In a Nutshell: Allegacy Federal Credit Union recognizes that physical and financial health are two sides of the same coin. That’s why the credit union is dedicated to helping members and communities safeguard and improve their health in both of those crucial areas. Allegacy explores the medical effects of financial issues on its members. Its extensive educational initiatives with high school and college students aim to prevent those problems. Combined with its commitment to the well-being of small businesses and the local economy, Allegacy takes a holistic approach to financial and physical health.
People often think of financial strain as something that only affects their bank account, but it can take its toll on their bodies as well. Financial worries can produce stress, induce inflammation in soft tissue, and increase blood pressure in the short-term according to reporting by Bustle. That can lead to heart and lung disease, arthritis, diabetes, asthma, and hypertension.
People suffering from those conditions as a result of financial stress may find health care solutions out of reach. Poor financial situations can also be embarrassing, so people are often reluctant to discuss them with their health care provider.
According to UT Southwestern Medical Center, doctors often mistake a patient’s refusal of treatment as noncompliance with medical recommendations. In reality, expensive treatments may be out of reach for patients. Paying for them would incur additional debt and continue the cycle of financial stress.
Allegacy Federal Credit Union is working to address both sides of that equation to help people in its service areas live healthier lives. Allegacy is one of the largest credit unions in North Carolina. It serves more than 163,000 members worldwide, and holds over $1.9 billion in assets. It has 17 financial center locations, in addition to nine student-run locations in high schools, and it uses this reach and influence to help improve financial and physical well-being.
During the COVID-19 pandemic, Allegacy has seen financial stress negatively affect health behaviors and outcomes as physical ailments force people to make difficult choices with their money. So the institution has doubled down on products, programs, and initiatives aimed at helping members avoid debt and increasing savings.
The credit union addresses health concerns with members during financial consultations and integrates the financial dimension of holistic wellness into services provided through the clinic at WellQ. It also conducts philanthropic operations to address those concerns in the community at large.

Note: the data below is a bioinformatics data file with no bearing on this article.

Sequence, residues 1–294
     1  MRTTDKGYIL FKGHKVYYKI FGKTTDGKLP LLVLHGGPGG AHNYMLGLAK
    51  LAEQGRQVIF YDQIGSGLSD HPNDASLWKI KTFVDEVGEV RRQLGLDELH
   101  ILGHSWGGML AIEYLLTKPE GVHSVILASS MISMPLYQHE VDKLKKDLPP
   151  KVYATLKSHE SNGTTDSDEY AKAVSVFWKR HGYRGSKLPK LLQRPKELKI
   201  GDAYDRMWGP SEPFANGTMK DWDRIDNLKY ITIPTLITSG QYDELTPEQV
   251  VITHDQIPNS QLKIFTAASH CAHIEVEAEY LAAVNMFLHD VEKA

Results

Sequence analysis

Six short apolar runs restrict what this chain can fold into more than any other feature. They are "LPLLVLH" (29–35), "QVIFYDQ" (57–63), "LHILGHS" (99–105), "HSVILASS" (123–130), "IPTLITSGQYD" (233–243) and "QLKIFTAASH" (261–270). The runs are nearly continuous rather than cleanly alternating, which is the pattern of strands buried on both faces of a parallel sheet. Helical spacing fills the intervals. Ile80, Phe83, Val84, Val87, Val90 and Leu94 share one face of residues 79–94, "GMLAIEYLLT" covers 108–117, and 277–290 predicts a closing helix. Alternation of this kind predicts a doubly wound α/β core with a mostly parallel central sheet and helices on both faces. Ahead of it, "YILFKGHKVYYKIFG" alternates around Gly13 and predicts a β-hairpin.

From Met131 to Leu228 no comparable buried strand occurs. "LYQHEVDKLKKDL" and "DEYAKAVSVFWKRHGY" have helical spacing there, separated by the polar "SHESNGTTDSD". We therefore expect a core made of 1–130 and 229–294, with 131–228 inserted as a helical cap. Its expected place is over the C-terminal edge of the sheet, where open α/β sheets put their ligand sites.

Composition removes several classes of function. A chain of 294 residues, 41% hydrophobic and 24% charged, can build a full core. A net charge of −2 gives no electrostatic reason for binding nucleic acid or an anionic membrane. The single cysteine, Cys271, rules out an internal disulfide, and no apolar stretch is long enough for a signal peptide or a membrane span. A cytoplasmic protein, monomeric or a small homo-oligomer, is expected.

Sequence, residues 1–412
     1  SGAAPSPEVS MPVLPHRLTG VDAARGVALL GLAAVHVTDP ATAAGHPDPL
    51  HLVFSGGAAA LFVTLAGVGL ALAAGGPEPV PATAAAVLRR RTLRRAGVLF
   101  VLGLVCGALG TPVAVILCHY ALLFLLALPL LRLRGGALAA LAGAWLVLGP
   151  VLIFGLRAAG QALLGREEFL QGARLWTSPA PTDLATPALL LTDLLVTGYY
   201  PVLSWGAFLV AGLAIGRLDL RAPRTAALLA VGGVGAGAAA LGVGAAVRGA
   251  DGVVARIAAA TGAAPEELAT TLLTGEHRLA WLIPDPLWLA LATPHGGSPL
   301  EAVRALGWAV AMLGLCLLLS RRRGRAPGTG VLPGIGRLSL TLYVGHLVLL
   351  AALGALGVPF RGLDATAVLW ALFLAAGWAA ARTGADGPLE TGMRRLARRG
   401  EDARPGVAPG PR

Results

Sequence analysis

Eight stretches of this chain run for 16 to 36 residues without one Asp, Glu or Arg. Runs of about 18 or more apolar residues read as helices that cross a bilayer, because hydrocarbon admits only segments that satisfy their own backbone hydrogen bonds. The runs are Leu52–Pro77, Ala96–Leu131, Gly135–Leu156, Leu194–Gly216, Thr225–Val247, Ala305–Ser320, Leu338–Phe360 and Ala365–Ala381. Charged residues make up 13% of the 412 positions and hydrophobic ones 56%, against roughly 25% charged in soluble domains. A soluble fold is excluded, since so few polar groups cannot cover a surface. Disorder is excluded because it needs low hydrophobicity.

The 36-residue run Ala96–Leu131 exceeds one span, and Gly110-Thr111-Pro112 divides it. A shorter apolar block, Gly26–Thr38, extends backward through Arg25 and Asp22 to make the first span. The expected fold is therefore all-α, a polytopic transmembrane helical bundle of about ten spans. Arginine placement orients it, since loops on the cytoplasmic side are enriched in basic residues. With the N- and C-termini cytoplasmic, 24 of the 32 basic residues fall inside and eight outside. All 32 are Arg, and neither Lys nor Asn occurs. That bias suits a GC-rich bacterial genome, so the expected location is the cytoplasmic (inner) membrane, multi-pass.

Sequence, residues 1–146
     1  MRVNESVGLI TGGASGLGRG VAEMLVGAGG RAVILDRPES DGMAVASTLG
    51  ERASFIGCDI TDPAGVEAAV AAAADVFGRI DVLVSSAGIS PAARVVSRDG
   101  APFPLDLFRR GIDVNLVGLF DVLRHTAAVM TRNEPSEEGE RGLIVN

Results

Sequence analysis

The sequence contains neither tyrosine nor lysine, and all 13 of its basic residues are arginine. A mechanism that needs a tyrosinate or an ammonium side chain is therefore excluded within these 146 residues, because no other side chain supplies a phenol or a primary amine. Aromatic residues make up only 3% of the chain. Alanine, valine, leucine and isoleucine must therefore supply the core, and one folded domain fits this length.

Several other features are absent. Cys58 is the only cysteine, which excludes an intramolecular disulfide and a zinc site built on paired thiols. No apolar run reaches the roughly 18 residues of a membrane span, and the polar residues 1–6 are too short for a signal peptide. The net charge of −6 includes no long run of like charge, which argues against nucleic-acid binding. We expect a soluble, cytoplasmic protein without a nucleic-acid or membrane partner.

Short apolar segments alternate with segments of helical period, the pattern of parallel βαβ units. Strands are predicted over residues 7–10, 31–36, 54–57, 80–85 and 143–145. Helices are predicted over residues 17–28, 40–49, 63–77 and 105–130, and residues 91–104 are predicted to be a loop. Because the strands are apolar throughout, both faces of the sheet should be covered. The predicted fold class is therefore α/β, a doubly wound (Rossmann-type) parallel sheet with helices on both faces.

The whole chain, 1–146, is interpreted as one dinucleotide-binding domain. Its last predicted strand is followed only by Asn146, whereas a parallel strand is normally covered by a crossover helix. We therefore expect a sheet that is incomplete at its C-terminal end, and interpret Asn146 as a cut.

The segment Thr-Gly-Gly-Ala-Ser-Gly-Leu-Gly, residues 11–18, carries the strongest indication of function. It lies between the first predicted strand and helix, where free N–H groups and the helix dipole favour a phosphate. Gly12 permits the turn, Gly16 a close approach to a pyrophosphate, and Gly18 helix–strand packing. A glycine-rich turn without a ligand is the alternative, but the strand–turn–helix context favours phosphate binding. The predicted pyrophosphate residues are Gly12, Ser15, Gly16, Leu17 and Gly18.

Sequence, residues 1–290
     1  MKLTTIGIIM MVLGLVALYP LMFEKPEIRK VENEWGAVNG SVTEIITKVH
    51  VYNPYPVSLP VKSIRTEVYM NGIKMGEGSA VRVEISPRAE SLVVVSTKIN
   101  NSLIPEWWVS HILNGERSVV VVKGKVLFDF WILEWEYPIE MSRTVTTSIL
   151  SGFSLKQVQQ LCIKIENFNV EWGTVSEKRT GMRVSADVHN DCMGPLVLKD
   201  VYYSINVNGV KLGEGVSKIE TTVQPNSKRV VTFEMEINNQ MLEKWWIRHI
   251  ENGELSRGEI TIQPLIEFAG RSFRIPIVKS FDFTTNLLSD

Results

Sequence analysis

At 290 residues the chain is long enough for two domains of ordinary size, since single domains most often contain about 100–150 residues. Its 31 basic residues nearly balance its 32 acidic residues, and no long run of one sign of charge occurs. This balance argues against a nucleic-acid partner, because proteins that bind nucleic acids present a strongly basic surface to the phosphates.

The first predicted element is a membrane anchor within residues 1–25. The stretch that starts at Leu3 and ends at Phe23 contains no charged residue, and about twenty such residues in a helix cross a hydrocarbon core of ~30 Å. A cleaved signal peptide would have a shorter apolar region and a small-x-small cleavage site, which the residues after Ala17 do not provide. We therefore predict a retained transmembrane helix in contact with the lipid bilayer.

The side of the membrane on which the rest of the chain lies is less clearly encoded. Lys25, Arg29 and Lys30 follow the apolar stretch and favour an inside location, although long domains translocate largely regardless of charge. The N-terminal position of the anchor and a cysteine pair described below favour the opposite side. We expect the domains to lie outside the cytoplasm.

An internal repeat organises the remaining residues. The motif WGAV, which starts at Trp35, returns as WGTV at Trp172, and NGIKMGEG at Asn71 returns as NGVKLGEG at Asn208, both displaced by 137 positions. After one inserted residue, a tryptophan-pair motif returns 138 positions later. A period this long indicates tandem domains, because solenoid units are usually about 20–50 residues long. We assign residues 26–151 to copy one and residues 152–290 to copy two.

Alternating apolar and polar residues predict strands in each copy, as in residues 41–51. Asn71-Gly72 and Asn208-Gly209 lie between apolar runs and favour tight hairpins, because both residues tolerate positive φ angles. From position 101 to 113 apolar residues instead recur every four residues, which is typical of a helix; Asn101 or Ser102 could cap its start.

“It’s more about the members and their needs. Are they trying to plan for retirement, or are they trying to send a child to college?” said Karen Sigmon-Smith, Managing Director of WellQ. “At all stages in life, the intersection of physical and financial wellness is palpable and can create significant impact. WellQ is here to ensure that the impact on wealth and health enhances rather than hinders quality of life.”
WellQ: A Holistic Approach to Physical and Financial Health
Allegacy recognized the importance of employee well-being well before the term became mainstream. It also started a wellness program for its workers centered around their physical health.
“It was very much focused at the time on physical well-being. As it evolved, we recognized the importance of additional pillars, including financial well-being and social well-being,” Sigmon-Smith said. “We focus on the holistic well-being of our employees.”
This program’s success and the recognition it received prompted Allegacy to expand it to members in the form of the AllHealth Wellness savings account — offered in partnership with the YMCA of Northwest North Carolina. The account rewards members with a higher interest rate for visiting the YMCA and using its facilities, which encourages physical and financial wellness. From there, the initiative expanded to the community at large in the form of WellQ.
“Any time someone comes to us, we onboard them from the physical side as well as the financial side,” Sigmon-Smith said. “We want them to understand the synergy between physical wellness and financial wellness from the very beginning.”
When someone comes to WellQ with a physical ailment, they receive immediate care and holistic wellness tools. The staff seeks to understand their problems in terms of environment, resources, and capabilities so they can help patients resolve deeply rooted issues — including low earnings or high credit card debt — that affect physical health.
“Just like they can accomplish goals physically with behavior, they can also do it financially,” Sigmon-Smith said. “It makes for an easy conversation. Even if the person doesn’t engage or embrace that synergy on the spot, it’s not unusual for them to come back and say, ‘Let’s get on that,’ or, ‘This is something that I feel like I want to work on.’”
Youth Education Promotes Financial Responsibility